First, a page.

Prenatal exposure to methylphenidate hydrochloride decreases anxiety and increases exploration in mice.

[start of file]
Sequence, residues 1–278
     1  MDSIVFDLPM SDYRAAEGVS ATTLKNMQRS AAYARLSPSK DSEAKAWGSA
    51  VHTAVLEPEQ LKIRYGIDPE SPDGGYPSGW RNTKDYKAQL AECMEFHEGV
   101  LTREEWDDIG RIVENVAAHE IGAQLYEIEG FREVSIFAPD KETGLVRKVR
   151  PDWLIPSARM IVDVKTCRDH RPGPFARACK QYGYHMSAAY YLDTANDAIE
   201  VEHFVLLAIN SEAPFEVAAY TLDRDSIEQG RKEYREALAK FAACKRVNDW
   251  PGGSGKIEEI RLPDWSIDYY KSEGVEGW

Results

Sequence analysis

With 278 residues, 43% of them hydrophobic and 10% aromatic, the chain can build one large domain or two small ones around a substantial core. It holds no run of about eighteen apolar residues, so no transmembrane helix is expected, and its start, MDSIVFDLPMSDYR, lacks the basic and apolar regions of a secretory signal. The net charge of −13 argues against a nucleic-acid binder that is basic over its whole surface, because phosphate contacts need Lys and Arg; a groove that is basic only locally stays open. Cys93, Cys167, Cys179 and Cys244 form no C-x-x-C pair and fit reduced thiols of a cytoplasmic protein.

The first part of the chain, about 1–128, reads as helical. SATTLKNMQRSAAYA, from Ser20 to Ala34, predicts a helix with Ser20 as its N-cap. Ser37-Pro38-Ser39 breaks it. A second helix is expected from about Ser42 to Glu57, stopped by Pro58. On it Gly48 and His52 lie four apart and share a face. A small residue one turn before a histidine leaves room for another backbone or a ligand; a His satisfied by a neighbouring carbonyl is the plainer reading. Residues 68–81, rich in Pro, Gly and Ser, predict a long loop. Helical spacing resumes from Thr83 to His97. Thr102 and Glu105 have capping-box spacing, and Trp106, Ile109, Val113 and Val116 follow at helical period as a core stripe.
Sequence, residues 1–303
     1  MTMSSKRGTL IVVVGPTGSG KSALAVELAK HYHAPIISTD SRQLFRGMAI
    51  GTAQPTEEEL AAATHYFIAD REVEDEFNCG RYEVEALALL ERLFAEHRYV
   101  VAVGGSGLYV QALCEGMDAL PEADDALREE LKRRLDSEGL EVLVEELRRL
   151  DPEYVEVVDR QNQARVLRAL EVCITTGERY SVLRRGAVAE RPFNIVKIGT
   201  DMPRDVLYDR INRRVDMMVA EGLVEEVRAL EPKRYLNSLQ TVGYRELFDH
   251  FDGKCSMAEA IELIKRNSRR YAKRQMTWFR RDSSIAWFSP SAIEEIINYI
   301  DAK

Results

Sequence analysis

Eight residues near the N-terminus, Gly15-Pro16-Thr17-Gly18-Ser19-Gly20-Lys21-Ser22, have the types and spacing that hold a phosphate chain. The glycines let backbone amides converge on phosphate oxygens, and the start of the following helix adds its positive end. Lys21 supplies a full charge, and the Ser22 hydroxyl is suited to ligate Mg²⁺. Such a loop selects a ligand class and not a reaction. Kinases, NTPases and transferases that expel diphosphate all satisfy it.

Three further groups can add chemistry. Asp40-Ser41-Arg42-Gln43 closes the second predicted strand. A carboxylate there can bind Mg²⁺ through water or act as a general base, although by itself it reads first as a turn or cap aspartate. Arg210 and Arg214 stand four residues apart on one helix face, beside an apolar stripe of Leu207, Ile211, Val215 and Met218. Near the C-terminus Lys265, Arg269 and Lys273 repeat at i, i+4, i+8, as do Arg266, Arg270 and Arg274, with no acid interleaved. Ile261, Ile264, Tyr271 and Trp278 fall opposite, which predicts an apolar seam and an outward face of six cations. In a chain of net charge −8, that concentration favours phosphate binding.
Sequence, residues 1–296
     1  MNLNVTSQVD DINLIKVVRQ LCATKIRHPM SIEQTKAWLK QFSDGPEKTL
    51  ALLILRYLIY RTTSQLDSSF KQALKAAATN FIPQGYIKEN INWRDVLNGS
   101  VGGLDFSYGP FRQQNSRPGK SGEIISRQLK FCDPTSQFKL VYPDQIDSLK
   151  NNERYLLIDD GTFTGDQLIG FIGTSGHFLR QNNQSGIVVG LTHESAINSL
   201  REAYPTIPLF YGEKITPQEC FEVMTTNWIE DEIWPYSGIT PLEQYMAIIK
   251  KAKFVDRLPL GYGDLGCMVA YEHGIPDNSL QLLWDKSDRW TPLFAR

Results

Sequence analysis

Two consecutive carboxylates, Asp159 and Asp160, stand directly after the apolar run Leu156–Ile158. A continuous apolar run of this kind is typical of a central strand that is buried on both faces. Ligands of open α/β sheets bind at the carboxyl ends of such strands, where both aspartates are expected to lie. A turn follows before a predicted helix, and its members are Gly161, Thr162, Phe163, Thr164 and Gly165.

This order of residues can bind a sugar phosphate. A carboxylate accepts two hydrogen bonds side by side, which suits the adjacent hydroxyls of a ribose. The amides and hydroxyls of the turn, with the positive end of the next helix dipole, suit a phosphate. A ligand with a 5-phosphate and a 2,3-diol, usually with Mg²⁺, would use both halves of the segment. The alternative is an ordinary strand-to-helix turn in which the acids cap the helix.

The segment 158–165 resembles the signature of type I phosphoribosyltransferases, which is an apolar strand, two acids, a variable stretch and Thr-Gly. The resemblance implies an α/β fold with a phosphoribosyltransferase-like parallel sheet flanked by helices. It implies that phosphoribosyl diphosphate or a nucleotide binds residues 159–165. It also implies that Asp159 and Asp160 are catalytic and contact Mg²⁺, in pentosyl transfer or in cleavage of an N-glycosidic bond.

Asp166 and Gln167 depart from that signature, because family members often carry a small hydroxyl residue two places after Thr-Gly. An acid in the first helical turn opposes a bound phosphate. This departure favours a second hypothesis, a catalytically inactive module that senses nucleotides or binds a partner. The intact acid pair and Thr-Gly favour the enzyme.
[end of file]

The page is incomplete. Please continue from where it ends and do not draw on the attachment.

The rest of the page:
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The administration of methylphenidate (MPH) to girls and adults has increased in the last decade. Given the similarity of MPH to cocaine and the increasing possibility of embryonic exposure, the gestational effects of this stimulant on development must be considered. We administered MPH (5 mg/kg) or saline to female CD-1 mice at three different periods during pregnancy [embryonic (E) days 8-10, 12-14, and 16-18]. MPH-exposed pups were compared with the saline-treated pups for changes in physical, motor, and behavioral development at postnatal day (PND) 3-11. In adulthood (>60 days of age) these mice were tested in the open field, elevated plus maze, and water maze, and given an acute MPH challenge. We observed limited effects of MPH exposure on early developmental variables. In adulthood, mice exposed to MPH on E8-10 exhibited a general decrease in anxiety-related behaviors and a concomitant increase in exploratory behavior. Prenatal MPH exposure did not alter water maze performance or the response to an acute MPH challenge. Our data provide an initial overview of the possible effects occurring as a result of prenatal exposure to MPH, and strongly suggest that further studies of the in utero and developmental effects of psychostimulants are needed.